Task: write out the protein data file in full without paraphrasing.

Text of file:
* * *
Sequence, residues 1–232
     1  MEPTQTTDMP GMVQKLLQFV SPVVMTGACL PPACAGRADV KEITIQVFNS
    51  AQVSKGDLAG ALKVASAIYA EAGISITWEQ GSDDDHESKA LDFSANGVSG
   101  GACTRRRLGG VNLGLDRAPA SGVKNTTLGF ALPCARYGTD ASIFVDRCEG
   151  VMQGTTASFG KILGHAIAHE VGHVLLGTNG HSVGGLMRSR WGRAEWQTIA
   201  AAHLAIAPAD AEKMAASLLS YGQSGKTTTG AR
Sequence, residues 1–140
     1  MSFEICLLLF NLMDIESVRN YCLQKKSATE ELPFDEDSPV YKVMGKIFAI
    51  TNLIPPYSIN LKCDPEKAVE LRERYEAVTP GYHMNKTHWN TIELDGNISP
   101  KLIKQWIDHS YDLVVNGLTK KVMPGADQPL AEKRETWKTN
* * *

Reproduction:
Sequence, residues 1–232
     1  MEPTQTTDMP GMVQKLLQFV SPVVMTGACL PPACAGRADV KEITIQVFNS
    51  AQVSKGDLAG ALKVASAIYA EAGISITWEQ GSDDDHESKA LDFSANGVSG
   101  GACTRRRLGG VNLGLDRAPA SGVKNTTLGF ALPCARYGTD ASIFVDRCEG
   151  VMQGTTASFG KILGHAIAHE VGHVLLGTNG HSVGGLMRSR WGRAEWQTIA
   201  AAHLAIAPAD AEKMAASLLS YGQSGKTTTG AR
Sequence, residues 1–140
     1  MSFEICLLLF NLMDIESVRN YCLQKKSATE ELPFDEDSPV YKVMGKIFAI
    51  TNLIPPYSIN LKCDPEKAVE LRERYEAVTP GYHMNKTHWN TIELDGNISP
   101  KLIKQWIDHS YDLVVNGLTK KVMPGADQPL AEKRETWKTN